Watermelon peperomia is a shallow root shrub that grows to a height of 8 to 12 inches. Peperomia is slow developing plants, not developing more than one foot (30 cm). Peperomia plant is a tropical plant used as an indoor plant to increase the elegance and make the house captivating. It grows in South Africa and Central America and some other parts of the world.
Peperomia contains over 1000 species out of which some are prepared to a great extent. Peperomia is small in size, luscious, and having features of herbs which are widely produced.
Peperomia plants distinguish fleshy stems connecting heart-shaped leaves with the seeds to fruiting spikes. Leaves are in red, gray, or pale green colors at its boundaries.
Flowers of peperomia plants are not fragrant at all and develop about 2 inches longitudinally above the foliage.
Peperomia plants seem usually closed compact, rarely developing in an indoor setting. Peperomia plants usually have features of sturdy stems and many fleshy leaves with moistness.
Peperomia plants are lovable for its beautiful foliage and not their flowers which are not impressive at all. There are about 1000 species of peperomia out of which watermelon peperomia is one of them.
Watermelon peperomia gets its name due to resemblance of its leaves with watermelon. Leaves of peperomia look like stripes of green and white color just like a watermelon represents itself.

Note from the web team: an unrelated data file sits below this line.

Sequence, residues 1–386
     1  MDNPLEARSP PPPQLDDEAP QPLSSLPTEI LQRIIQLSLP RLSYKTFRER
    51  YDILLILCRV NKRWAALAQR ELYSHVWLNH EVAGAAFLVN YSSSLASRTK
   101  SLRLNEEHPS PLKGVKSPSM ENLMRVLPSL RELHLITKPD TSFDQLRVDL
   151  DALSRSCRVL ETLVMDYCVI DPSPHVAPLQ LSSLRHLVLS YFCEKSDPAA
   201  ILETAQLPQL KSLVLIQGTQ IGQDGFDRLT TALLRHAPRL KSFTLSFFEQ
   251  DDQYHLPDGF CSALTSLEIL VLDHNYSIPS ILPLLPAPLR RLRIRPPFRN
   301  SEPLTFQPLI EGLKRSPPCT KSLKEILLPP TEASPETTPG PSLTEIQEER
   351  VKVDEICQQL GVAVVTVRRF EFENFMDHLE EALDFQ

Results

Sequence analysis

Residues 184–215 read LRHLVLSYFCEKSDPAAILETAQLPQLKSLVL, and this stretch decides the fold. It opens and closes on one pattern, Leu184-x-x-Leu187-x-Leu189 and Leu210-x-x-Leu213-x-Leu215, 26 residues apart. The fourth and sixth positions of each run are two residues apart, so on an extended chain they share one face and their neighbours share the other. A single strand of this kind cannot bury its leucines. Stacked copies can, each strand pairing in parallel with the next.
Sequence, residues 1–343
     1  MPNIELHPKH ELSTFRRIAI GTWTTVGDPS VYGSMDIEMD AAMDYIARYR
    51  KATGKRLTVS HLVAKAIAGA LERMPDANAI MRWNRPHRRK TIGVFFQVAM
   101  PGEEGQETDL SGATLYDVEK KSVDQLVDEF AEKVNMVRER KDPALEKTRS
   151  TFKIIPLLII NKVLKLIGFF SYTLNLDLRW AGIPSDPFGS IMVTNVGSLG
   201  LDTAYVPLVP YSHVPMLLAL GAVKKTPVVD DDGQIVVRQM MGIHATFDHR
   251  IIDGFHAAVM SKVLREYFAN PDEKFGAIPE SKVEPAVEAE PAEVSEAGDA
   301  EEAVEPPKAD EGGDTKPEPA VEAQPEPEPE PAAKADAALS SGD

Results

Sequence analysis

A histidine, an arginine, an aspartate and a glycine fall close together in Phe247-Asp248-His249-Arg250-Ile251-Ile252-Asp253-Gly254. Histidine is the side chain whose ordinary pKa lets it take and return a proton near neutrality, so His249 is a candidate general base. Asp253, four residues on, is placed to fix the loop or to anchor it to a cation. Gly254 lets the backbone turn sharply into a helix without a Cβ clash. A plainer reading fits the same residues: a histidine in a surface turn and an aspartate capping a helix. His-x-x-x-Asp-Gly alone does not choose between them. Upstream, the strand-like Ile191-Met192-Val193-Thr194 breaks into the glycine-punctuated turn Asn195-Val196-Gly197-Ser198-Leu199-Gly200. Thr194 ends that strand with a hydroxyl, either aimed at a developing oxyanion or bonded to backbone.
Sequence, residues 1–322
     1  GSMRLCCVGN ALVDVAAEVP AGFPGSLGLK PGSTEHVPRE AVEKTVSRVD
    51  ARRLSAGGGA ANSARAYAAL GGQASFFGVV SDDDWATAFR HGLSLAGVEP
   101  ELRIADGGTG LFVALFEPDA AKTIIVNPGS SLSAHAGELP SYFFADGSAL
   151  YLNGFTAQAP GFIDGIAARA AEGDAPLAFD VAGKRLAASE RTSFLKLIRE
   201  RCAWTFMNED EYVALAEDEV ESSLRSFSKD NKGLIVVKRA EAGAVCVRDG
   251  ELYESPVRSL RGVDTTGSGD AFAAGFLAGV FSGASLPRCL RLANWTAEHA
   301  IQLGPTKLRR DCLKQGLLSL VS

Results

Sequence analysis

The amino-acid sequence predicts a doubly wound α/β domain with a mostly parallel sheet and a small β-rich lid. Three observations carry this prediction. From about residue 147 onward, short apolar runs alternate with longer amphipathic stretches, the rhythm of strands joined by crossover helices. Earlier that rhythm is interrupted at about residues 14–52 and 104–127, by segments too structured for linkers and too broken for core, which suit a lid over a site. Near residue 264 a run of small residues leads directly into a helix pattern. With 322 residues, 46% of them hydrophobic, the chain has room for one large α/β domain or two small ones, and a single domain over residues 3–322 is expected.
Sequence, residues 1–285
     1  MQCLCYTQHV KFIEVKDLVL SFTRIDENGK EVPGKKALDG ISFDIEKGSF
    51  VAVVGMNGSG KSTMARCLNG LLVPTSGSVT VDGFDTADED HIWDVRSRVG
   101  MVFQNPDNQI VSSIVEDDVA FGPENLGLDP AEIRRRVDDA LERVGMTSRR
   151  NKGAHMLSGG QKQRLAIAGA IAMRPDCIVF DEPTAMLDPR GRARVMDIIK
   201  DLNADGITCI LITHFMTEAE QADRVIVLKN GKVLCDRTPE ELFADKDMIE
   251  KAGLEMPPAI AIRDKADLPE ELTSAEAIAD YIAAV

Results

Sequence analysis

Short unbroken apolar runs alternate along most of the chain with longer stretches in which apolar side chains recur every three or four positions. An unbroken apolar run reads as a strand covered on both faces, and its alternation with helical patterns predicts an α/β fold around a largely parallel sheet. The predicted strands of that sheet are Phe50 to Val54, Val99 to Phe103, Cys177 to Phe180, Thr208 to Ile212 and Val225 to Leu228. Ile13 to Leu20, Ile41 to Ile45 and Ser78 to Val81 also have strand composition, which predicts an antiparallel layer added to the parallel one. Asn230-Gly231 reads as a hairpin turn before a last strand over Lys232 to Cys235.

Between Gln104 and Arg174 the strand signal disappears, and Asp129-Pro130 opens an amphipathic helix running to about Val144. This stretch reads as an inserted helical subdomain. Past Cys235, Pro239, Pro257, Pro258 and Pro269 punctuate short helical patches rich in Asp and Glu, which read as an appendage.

Scientific names of watermelon peperomia are peperomia Argyreia is a part of the peperomia family of plants. Watermelon peperomia small-sized plant.
It generally develops a length of about 9 inches and has a breadth of about 6 inches. Watermelon peperomia has ovoid shaped leaves with silver gray bands.
It can evolve up to eight inches in height and width, but only if implanted in a big vessel that permits for the development of the roots. Watermelon peperomia has a three-dimensional appearance of leaves and a heaping habit.
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The soil provides attachment, water, and supplements. An equal mixture of peat moss and perlite is a great choice. Peperomia plants possess a small root system which makes them ideal for indoor plants.
Mixing small gravels will help roots to get the air they need for their growth. Soil acts as a key element in potting the peperomia. Use a well-drained soil that gets a huge amount of air.
Watermelon Peperomia don’t require rooting more often. When repotting the peperomia be assured the new mixture is well-drained and aerated, holding capacity of soil for water and supplements well and the pH of soil ranges between 5.0-6.5.
Watering a watermelon peperomia:
Watermelon peperomia is not the type of plant that needs to wet all day for a long duration.
It is significant not to overwater watermelon peperomia plants or underwater them. Overwatering will result in decomposed roots and the death of plants and under-watering will make them sick or induce them to catch any disease through parasites.